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In brief

01 April, 2004

In Brief

Motorola has announced a range of acceleration and pressure sensing chips which communicate using the ZigBee wireless communications standard defined in IEEE 802.15.4. The company says the chips, based on MEMS (micro-electromechanical systems) technology, will be cheaper and easier to install and reconfigure than cabled devices.

• A consortium of companies including ABB, Danfoss, SEW-Eurodrive and Siemens, has founded and financed an Engineering Centre for Power Electronics (ECPE) to promote research, education and technology transfer in this field. Thomas Harder has been appointed as general manager of the Centre, based in Nuremberg, Germany.

Agilent Technologies has developed a pluggable transceiver that allows Ethernet to be transmitted at rates of more than 1Gbit/s along standard copper cables. The company says that the technology, which can transmit at 1.25Gbit/s over a distance of up to 100m on Category 5 cable, will provide users with a low-cost upgrade path.

International Rectifier has launched a high-performance half-bridge inverter chip for appliance motor drives. The IR3101 device is said to simplify inverter designs for one-, two- or three-phase motor drives for fans, pumps and compressors up to 400W.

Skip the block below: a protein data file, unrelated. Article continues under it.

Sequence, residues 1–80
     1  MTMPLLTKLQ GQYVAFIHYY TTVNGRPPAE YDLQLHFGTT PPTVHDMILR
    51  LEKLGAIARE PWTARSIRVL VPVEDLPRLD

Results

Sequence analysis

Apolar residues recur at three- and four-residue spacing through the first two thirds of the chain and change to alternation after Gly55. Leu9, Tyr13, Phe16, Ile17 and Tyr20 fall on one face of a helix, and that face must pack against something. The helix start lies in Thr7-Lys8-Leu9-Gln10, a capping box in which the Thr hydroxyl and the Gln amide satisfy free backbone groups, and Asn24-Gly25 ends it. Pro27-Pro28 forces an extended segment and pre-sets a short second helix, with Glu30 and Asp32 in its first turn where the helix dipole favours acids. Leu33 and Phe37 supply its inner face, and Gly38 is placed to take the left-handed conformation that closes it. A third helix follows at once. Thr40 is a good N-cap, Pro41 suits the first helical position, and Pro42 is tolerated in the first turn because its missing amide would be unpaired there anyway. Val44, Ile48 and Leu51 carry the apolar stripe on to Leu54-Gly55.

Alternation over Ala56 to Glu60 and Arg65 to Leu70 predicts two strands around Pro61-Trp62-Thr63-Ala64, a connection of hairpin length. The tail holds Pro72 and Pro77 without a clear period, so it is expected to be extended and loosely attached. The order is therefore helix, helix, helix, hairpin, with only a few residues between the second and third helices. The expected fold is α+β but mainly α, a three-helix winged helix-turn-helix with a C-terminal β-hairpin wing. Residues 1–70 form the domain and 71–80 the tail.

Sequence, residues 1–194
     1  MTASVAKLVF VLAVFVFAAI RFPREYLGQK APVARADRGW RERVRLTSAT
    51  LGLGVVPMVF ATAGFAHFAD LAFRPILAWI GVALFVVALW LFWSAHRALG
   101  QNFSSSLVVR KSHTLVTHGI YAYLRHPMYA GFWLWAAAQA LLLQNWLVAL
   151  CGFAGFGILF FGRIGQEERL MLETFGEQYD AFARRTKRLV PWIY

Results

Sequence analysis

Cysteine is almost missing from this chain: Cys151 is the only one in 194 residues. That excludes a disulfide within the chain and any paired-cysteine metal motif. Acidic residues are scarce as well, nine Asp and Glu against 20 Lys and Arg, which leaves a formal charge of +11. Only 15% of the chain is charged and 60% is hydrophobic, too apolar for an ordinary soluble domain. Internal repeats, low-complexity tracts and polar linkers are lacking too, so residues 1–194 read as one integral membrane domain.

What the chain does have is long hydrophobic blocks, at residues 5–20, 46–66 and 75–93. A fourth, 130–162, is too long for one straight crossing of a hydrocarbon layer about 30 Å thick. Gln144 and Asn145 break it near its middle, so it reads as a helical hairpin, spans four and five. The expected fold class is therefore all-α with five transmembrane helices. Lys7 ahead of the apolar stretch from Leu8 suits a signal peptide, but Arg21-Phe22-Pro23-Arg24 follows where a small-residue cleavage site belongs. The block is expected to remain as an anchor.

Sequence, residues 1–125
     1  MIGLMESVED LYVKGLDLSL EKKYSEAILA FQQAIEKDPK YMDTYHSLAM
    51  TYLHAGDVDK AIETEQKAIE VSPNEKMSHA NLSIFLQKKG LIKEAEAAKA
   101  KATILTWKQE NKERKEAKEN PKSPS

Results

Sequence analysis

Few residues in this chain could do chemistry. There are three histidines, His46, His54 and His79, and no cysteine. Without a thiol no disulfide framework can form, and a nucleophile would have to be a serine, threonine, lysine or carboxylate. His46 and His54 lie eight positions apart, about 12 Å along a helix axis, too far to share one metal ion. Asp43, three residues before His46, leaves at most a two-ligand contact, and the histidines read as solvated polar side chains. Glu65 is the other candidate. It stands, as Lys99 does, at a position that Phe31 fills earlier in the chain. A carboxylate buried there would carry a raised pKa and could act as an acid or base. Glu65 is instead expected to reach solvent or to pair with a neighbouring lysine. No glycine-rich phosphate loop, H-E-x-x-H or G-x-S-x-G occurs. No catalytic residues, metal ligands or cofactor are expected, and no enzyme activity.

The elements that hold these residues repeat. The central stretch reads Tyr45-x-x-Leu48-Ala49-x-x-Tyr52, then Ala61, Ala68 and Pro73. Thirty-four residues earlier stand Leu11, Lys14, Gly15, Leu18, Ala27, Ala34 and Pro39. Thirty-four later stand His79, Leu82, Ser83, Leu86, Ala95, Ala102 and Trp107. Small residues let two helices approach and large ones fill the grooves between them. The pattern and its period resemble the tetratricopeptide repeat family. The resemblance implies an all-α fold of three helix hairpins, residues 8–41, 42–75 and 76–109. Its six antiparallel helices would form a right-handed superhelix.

Digi International claims to have developed the first customisable and secure 32-bit 802.11b wireless embedded modules. The modules will allow manufacturers to add wireless functions to existing products simply by substituting the new wireless modules for existing wired communications. This will eliminate the need for new development efforts.

• A range of dolls due to reach toyshops by Christmas, will have lifelike movements produced by a novel, low-cost actuator technology based on shape memory alloys. The Twinkleberry dolls, developed by the Hong Kong toy-maker Radica Games, will react to children playing teachers by raising their arms to answer questions, and making other movements. The dolls will be among the first toys to incorporate the NanoMuscle actuators developed by the Californian company of the same name. The actuators are 1/10th the cost, 1/20th the weight and 1/20th the volume of equivalent DC motors. NanoMuscle`s backers include Volkswagen, Daimler Chrysler and Schneider Electric

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